It is the universal custom to
display the flag only from sunrise to sunset on buildings and on
stationary flagstaffs in the open. However, when a patriotic effect is
desired, the flag may be displayed twenty-four hours a day if properly
illuminated during the hours of darkness.
When displayed either horizontally or vertically against a wall, the
union should be uppermost and to the flag’s own right, that is,
to the observer’s left. When displayed in a window, the flag
should be displayed in the same way, with the union or blue field to
the left of the observer in the street.
No other flag or pennant should be placed above, or, if on the same
level, to the right of the flag of the United States of America, except
during church services conducted by naval chaplains at sea . . . for
personnel of the Navy . . . when the church pennant may be flown above
No person shall display the flag of the United Nations or any other
national or international flag equal, above, or in a position of
superior prominence or honor to, or in place of, the flag of the United
States at any place within the United States or any Territory or
possession thereof; Provided, that nothing in this section shall make
unlawful the continuance of the practice heretofore followed of
displaying the flag of the United Nations in a position of superior
prominence or honor, and other national flags in positions of equal
prominence or honor, with that of the flag of the United States at the
headquarters of the United Nations.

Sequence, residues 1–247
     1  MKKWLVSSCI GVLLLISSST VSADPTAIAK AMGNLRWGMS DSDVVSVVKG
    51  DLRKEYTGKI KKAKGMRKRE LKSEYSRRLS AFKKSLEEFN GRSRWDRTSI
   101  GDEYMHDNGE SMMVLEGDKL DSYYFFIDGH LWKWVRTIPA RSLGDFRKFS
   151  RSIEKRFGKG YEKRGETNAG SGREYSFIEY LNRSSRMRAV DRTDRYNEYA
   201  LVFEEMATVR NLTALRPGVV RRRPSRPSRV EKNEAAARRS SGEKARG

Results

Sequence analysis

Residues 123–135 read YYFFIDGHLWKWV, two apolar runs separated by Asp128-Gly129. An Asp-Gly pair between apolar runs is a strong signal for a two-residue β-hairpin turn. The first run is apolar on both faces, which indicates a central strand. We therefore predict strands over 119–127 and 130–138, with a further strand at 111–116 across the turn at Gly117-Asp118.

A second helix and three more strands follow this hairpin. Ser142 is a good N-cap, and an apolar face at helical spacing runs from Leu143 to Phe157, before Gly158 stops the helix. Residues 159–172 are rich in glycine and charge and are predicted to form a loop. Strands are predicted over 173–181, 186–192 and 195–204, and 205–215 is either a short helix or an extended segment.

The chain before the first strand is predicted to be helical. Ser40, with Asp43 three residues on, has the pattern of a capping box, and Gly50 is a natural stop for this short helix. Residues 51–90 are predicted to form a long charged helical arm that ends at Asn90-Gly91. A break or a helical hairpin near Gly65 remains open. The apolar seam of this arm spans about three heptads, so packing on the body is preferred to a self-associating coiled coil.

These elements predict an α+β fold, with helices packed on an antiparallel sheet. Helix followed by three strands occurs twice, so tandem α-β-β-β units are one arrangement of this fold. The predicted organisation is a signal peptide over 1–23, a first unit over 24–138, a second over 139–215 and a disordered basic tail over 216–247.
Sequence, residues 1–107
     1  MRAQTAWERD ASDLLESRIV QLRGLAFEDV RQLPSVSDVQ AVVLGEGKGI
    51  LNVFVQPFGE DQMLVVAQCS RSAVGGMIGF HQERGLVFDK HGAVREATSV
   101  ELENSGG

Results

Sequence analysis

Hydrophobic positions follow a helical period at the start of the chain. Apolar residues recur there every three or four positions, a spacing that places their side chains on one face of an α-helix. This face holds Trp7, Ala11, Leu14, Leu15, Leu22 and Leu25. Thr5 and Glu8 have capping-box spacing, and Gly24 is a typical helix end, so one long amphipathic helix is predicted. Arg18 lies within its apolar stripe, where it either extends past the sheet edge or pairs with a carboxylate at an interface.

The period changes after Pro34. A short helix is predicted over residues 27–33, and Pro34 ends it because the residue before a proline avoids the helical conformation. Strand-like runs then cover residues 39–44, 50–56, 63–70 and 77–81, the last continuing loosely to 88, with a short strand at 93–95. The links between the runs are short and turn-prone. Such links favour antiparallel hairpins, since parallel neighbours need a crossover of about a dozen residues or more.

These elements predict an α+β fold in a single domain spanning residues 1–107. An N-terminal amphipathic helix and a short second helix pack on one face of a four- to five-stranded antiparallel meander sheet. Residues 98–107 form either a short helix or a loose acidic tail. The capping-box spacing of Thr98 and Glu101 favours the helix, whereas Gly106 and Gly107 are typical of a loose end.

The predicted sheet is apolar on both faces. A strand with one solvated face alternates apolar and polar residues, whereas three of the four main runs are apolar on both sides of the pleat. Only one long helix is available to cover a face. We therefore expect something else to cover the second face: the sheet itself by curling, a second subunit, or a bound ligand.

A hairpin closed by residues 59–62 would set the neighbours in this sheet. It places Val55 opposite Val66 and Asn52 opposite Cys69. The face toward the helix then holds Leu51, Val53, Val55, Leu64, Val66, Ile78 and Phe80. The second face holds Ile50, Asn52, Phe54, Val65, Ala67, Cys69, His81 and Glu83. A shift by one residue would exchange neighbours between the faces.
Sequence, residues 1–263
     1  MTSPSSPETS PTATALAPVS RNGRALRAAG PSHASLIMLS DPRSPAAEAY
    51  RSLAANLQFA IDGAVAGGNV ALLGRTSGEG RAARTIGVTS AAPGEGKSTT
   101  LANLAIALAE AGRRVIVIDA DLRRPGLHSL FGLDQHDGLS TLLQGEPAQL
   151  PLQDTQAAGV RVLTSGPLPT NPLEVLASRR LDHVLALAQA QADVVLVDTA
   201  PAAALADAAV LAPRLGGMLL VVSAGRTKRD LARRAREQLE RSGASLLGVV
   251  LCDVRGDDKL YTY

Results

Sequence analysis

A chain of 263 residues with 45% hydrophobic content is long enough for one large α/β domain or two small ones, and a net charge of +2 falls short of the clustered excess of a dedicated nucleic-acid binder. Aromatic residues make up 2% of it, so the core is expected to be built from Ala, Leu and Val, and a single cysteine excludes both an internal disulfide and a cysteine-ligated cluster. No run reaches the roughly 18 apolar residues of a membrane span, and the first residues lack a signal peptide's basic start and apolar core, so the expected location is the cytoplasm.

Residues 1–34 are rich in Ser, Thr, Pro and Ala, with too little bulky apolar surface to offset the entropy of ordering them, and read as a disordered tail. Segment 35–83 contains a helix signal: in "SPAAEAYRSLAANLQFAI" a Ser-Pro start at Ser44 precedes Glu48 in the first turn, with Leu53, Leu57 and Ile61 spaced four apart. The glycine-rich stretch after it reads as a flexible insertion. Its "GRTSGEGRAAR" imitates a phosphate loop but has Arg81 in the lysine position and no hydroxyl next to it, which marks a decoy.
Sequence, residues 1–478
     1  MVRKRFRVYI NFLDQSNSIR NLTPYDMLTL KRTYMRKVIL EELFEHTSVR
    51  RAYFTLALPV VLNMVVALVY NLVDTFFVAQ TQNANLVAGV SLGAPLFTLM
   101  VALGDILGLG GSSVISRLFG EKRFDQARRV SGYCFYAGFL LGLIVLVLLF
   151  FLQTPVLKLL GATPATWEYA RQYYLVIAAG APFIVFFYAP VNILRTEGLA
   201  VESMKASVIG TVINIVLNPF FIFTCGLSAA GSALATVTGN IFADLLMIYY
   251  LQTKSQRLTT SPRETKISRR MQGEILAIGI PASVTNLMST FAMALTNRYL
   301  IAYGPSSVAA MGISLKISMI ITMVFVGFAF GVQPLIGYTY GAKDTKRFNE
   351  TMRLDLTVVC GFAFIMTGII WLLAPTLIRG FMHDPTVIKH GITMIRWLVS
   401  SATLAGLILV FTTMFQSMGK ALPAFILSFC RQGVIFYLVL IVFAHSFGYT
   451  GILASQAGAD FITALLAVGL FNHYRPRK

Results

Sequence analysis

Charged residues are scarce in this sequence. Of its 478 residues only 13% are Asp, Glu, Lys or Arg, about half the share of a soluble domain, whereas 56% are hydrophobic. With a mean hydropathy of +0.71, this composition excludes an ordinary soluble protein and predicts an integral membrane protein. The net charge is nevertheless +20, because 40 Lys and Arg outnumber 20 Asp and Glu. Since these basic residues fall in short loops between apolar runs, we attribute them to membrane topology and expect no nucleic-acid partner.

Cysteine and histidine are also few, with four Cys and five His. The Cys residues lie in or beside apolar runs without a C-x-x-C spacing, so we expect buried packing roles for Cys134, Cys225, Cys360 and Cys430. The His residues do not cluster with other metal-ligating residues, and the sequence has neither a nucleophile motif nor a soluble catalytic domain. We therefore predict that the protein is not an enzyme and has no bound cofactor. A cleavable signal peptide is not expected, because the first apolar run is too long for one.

When flags of States, cities, or localities, or pennants of societies
are flown on the same halyard with the flag of the United States, the
latter should always be at the peak.
When the flags are flown from adjacent staffs, the flag of the United
States should be hoisted first and lowered last. No such flag or
pennant may be placed above the flag of the United States or to the
United States flag’s right.
The flag of the United States of America, when it is displayed with
another flag against a wall from crossed staffs, should be on the
right, the flag’s own right, and its staff should be in front of
the staff of the other flag.
The flag of the United States of America should be at the center and at
the highest point of the group when a number of flags of States or
localities or pennants of societies are grouped and displayed from
When flags of two or more nations are displayed, they are to be flown
from separate staffs of the same height. The flags should be of
approximately equal size. International usage forbids the display of
the flag of one nation above that of another nation in time of peace.
When used on a speaker’s platform, the flag, if displayed flat,
should be displayed above and behind the speaker. When displayed from a
staff in a church or public auditorium, the flag of the United States
of America should hold the position of superior prominence, in advance
of the audience, and in the position of honor at the clergyman’s
or speaker’s right as he faces the audience. Any other flag so
displayed should be placed on the left of the clergyman or speaker or
the right of the audience.
NOTE: the U.S. flag
should always be on its own right in relation to other flags on